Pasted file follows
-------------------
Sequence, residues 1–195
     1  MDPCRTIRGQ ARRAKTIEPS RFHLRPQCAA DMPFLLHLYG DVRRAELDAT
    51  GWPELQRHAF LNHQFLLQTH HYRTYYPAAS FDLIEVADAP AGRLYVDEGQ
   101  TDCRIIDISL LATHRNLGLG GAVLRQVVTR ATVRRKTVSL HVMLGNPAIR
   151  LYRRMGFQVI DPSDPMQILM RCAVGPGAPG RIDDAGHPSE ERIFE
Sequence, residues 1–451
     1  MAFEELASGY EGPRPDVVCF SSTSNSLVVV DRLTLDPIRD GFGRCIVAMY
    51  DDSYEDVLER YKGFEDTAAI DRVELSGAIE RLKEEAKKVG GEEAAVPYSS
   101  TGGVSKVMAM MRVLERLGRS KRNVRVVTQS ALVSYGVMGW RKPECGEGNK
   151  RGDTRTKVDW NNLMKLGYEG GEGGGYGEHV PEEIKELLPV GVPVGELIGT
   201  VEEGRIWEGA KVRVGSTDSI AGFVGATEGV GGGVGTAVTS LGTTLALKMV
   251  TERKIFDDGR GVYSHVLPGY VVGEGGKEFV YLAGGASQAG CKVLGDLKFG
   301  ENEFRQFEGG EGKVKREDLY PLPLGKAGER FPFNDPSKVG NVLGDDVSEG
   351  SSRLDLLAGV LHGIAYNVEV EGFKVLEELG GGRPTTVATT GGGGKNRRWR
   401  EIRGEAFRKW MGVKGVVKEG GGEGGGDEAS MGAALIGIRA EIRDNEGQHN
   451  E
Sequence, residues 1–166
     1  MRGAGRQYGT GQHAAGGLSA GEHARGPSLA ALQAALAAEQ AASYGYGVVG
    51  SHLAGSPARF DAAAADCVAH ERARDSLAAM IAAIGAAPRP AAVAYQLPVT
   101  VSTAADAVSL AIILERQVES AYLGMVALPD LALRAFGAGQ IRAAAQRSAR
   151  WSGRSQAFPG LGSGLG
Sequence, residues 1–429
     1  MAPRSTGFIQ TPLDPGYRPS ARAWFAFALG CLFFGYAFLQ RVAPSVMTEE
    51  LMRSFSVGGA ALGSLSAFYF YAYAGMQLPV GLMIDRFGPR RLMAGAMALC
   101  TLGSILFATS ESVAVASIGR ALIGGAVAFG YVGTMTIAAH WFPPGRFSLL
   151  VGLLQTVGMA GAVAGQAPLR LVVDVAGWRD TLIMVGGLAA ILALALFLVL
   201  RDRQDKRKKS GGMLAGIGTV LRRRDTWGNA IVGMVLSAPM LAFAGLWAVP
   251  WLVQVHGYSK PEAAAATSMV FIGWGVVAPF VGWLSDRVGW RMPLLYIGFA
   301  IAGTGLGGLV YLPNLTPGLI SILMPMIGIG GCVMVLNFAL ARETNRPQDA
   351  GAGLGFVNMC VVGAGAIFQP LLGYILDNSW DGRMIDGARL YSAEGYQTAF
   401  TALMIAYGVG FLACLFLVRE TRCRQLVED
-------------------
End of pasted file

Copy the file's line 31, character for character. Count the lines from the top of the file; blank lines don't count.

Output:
   401  TALMIAYGVG FLACLFLVRE TRCRQLVED